A collection of spoiler-free reviews of the books and articles I read. I read a lot, and particularly enjoy 20th century history, graphic novels and graphic memoirs, contemporary literary fiction and the occasional bit of fantasy and horror.
I also share a list of the books I abandon without finishing, although I try not to be too negative. Books I hate might well be books other people love, and there’s enough hate on the internet without me adding to the pile.
It took me ages to finish Stork Mountain, but only because I have lost my reading habit this year. The library closed for months on end and I have been glued to my phone reading the news, opinion pieces, and other periodicals that are available online. Reading books takes discipline, and my mind has been all over the place this year.
Stork Mountain is a beautiful novel, set in a village in Bulgaria close to the borders with both Greece and Turkey. It’s a novel about identity, belonging and place, and the narrative is rich with folklore – both real and imagined – tracing the history of the land and the author / protagonist’s relationship with his country of origin. I found the folklore quite dense at times and had to check maps and Wikipedia lots to understand the geography and politics of the region, so it wasn’t quite as immersive a read as I had hoped it might be, but that’s just my personal experience as I am unfamiliar with the region. I would love to read Penkov’s short story collection East of the West next.
Photos of the California / Oregon / Washington state wildfires and the surreal orange skies, as if 2020 didn’t feel enough like a horror film. The lead image is particularly powerful. This year started with fire, and looks like it will end with it too. I really feel for the affected communities and hope that the fires can be extinguished as soon as possible.
I have been reading a lot about botany and mycology this month, and found this article on Victorians, botany and pteridomania – obsessive fern hunting and collecting – interesting:
Botany was, after all, one of the few avenues open to women who wanted to experience adventure for themselves; it was popular and widespread enough to be deemed an acceptable outdoors activity for the ladies. Indeed, women could even engage into fern hunting unchaperoned, since it was considered an entirely wholesome, healthy, and moral activity.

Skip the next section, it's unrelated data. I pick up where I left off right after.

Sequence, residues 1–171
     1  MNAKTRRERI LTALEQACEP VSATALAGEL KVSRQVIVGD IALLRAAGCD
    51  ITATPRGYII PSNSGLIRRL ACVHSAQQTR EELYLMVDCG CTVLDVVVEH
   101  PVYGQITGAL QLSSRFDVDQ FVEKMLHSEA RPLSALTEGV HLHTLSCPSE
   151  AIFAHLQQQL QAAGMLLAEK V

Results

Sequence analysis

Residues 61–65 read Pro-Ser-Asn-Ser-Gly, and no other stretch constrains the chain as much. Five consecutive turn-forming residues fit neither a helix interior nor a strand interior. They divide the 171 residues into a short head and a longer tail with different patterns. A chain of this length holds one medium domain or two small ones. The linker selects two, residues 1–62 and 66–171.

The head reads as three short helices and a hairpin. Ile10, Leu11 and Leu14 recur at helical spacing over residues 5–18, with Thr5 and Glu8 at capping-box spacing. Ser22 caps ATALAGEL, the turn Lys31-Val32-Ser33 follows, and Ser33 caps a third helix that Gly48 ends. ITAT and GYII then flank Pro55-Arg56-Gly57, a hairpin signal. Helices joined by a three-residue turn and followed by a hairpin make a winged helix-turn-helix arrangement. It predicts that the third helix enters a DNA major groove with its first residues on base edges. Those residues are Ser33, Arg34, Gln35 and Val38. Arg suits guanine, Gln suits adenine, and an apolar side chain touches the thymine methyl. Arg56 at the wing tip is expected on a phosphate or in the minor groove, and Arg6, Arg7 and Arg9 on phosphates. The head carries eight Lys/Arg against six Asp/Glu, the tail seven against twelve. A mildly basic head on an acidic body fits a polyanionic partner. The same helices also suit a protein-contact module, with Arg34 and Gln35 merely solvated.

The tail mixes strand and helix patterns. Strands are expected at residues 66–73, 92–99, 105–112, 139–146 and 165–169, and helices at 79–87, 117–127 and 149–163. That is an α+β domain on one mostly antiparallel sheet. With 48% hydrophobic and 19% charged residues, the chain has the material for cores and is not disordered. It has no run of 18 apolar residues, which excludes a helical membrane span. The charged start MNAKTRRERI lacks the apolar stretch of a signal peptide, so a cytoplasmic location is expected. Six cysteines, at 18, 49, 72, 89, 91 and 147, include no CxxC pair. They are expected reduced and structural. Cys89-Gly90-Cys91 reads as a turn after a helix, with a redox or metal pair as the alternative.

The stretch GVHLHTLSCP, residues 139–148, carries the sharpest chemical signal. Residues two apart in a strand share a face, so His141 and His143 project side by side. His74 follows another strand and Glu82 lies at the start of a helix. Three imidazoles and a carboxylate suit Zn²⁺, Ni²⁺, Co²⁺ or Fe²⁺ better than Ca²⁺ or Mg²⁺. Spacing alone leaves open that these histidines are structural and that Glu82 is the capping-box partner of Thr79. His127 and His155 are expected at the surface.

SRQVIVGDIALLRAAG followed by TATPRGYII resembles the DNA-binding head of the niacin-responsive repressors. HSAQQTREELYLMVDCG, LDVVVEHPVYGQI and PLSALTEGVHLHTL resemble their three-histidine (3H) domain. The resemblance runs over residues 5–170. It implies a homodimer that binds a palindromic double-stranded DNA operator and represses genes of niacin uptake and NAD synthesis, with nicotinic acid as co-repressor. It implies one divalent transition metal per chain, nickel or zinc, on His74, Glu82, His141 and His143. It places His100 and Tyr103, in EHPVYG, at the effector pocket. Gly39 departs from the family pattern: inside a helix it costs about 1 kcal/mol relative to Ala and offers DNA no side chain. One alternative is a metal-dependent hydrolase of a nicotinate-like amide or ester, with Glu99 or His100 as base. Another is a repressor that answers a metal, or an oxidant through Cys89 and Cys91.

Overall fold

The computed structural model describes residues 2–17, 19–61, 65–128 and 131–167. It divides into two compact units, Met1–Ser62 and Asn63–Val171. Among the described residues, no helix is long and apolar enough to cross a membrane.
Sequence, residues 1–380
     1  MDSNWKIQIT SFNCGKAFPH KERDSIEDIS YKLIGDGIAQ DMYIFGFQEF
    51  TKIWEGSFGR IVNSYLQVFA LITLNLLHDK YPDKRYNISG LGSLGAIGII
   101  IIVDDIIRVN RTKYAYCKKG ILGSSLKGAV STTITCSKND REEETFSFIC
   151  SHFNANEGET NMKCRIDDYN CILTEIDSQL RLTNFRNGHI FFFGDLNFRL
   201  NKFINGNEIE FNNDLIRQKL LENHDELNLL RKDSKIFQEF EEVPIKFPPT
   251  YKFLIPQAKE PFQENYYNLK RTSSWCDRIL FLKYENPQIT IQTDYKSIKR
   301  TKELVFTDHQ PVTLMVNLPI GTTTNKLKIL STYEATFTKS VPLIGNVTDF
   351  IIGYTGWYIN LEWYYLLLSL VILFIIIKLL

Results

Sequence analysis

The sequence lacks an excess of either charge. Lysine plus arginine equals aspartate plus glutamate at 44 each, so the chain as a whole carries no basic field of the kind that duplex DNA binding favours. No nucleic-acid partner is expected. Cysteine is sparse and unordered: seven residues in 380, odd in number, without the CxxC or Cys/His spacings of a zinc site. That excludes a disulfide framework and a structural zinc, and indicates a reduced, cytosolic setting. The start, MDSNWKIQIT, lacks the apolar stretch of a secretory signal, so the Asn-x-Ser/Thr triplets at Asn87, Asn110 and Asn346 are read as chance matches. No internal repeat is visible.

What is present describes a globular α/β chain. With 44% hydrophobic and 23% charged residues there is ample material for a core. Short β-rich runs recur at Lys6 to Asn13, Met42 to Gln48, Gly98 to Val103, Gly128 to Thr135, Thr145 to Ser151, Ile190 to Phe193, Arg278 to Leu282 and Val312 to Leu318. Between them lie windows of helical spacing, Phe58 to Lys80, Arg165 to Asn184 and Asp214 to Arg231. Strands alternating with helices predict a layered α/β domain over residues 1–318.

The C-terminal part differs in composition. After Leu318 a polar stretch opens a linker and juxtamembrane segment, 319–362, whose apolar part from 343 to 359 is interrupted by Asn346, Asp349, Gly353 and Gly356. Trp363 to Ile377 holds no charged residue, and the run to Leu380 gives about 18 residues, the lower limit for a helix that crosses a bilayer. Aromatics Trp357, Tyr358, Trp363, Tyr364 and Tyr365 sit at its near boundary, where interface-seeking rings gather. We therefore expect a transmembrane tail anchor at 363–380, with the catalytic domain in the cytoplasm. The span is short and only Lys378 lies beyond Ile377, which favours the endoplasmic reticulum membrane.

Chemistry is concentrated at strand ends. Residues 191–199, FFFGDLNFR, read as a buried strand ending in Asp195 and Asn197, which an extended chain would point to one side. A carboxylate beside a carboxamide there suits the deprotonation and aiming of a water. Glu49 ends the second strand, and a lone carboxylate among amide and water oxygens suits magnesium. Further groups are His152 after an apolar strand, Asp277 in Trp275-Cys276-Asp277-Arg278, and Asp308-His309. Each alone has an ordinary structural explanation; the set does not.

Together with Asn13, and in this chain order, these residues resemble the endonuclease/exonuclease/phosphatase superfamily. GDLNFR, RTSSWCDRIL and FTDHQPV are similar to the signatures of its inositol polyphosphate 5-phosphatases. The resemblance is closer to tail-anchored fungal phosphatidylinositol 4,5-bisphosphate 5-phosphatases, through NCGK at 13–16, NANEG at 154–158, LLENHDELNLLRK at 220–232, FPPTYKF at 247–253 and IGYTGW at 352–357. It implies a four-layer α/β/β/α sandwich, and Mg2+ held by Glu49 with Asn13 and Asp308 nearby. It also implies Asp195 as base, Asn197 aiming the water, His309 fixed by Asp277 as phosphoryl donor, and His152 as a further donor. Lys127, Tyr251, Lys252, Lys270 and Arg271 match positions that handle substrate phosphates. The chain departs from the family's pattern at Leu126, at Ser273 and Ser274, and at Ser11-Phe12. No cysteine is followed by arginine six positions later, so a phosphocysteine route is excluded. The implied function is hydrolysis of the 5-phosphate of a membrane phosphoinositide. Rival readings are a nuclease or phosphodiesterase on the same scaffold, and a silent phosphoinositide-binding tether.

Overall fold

For the first time in over a year, I didn’t finish any physical books this month. It wasn’t because I didn’t have anything to read – I am currently reading and really enjoying ‘Stork Mountain’ by Miroslav Penkov – but just because I ended up reading a lot of essays and periodicals online instead, as well as far too much news and opinion on my phone. I’m trying not to be upset with myself for this, as I’m still reading, it’s just my reading list is mostly digital at the moment. Here is a small selection of what I’ve been reading.
I didn’t realise how menacing The Natashas would be until I was about half way through, engrossed in the split narratives, and very much committed to seeing it through. I tend to save reading reviews for after I’ve read books, so as to avoid spoilers and form my own opinions about what I read. As such, I went by the synopsis and thought I was signing up for a bit of Murakami style surrealism mixed in with the parallel, real world narratives of Béatrice, a French jazz singer, and Céser, a Mexican bit part actor in Paris. I thought it’d be odd, maybe a little bit dark in the style of David Lynch – but not quite as horror filled as it is.
The Natashas is written like a play which both suits and sets the mood for the novel, and I really enjoyed Yelena Moskovich’s writing style and approach to storytelling. As a filmmaker, the detailed scenes really appealed to me. I wasn’t expecting it to be as violent or as graphic as it is though, or for it to be such a deep dive into the dark worlds of sex trafficking, exploitation and objectification. It’s a very good book, just very dark, and not quite what I was expecting. I’ve got Moskovich’s ‘Virtuoso’ on my TBR list, so I look forward to reading that when the mood strikes me.
One small issue I have is that the publisher and/or editor has chosen to refer to ‘Ukraine’ as ‘the Ukraine’ throughout the book. I find this curious given that the author was born in Soviet Ukraine and so I would have thought she and/or the publisher would have strong views on the use of the definitive article given Russia’s views on Ukraine and Ukrainian independence. At one point in the novel a character explores how women from Eastern Europe are all seen as the same, no matter which country they come from. To Americans, they’re all called ‘Natasha’ and they’re all Russian. The use of the definitive article to describe Ukraine is jarring when the novel itself offers up such a damning critique of objectification, and the loss of individual agency and identity.